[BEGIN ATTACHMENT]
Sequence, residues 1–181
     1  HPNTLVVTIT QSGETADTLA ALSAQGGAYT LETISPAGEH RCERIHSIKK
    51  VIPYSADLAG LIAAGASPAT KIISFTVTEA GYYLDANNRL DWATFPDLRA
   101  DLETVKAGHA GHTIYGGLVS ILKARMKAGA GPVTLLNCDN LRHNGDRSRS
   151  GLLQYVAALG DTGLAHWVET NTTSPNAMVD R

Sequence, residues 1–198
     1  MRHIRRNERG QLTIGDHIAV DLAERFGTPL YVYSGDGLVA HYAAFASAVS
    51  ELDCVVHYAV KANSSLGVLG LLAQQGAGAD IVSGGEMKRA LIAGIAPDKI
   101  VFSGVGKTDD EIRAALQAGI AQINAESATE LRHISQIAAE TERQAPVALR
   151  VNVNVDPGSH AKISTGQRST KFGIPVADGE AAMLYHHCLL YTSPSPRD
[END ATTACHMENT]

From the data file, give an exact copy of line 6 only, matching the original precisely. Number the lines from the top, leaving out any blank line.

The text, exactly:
Sequence, residues 1–198